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The Death Star storms into consumer Net phones

AT&T bring VoIP home

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VoIP pioneers such as Vonage Inc, which boasts 75,000 pretty happy users, have been touted as revolutionary upstarts which would mortally threaten the incumbent telcos. Vonage offers cut-price telephony using your existing broadband connection for as little as $14.99 a month, and throws in features familiar to GSM cellphone subscribers, such as voicemail and caller ID, that usually carry a premium on landlines.

Advocates of the extinction theory overlooked one factor, however: all it takes for the incumbents not to be completely asleep.

In a move that parallels IBM's announcement of a Personal Computer, AT&T today announced that it will aggressively enter the business Vonage has pioneered. In addition to business VoIP, AT&T is to offer Net telephony in 100 major US metropolitan areas from early next year.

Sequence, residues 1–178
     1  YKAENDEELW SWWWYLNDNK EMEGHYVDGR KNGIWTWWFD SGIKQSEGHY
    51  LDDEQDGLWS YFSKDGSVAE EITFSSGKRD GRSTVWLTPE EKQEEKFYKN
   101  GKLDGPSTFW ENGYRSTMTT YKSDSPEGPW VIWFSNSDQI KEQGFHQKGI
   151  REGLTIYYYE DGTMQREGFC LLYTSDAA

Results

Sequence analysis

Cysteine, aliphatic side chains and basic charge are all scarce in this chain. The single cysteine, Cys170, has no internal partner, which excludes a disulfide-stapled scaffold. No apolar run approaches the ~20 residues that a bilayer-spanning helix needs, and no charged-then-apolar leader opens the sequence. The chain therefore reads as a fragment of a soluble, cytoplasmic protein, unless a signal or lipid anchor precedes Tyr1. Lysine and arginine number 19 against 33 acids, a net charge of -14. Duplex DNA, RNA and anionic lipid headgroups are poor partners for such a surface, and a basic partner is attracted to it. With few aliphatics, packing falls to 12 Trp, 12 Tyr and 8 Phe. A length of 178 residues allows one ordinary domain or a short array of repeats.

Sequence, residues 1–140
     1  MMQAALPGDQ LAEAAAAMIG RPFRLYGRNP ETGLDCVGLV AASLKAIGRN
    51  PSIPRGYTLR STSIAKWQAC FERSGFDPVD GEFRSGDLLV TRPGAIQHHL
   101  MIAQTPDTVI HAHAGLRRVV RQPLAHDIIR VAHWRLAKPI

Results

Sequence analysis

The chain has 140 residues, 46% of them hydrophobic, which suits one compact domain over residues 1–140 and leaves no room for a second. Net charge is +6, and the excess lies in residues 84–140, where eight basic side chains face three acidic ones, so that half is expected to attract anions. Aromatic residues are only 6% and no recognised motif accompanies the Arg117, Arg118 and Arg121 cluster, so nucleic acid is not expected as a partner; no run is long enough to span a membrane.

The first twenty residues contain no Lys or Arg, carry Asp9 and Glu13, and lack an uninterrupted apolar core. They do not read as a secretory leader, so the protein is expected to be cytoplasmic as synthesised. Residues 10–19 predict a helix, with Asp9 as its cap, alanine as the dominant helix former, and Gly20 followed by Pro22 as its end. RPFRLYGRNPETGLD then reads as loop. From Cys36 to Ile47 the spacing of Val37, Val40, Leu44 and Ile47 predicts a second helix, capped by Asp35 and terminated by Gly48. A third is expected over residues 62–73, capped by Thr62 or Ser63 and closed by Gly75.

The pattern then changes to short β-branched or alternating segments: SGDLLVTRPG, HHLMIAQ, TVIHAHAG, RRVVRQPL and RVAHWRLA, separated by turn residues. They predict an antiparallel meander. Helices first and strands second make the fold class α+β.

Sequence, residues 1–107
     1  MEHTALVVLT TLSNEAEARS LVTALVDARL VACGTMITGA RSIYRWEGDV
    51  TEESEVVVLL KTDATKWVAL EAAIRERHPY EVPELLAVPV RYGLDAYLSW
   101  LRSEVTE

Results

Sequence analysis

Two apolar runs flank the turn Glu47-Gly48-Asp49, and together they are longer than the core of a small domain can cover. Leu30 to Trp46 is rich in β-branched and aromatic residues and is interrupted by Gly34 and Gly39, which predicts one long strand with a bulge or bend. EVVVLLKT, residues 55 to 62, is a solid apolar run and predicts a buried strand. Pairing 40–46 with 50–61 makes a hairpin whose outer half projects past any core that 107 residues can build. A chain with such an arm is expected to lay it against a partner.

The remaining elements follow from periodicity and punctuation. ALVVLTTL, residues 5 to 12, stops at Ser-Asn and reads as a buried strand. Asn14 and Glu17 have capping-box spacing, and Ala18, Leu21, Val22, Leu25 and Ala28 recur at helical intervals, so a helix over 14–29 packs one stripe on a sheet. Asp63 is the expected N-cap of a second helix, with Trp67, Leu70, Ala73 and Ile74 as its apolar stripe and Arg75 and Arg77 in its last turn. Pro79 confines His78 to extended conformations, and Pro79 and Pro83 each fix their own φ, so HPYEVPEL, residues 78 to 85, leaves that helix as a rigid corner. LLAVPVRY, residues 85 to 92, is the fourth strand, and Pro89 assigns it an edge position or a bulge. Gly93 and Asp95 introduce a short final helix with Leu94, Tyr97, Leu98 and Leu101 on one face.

"VoIP is the most significant, fundamental new technology shift in telecommunications in decades," said Death Star's Chairman and CEO David Dorman in a canned statement. "We're on the verge of a VoIP revolution," he told financial analysts this week.

AT&T already says its networks carries more IP packets than anyone else, and its vertical integration give tiny innovators like Vonage a real battle. Vonage has been teaming up with smaller cable operators to simplify the bundle for beginners, but it's likely to face a squeeze between AT&T on one side, and Sprint, MCI and Time Warner Cable on the other. At the start of the week, the three giants said they were also teaming up to provide residential Net telephony.

But the VoIP revolution may not be the starting gun for an economic recovery. AT&T confirmed that it was cutting 8,500 jobs today or 12 per cent of its workforce, up from the 10 per cent it announced earlier. That's in addition to the 3,500 jobs lost a year ago and the 10,000 lost the year before that. ®

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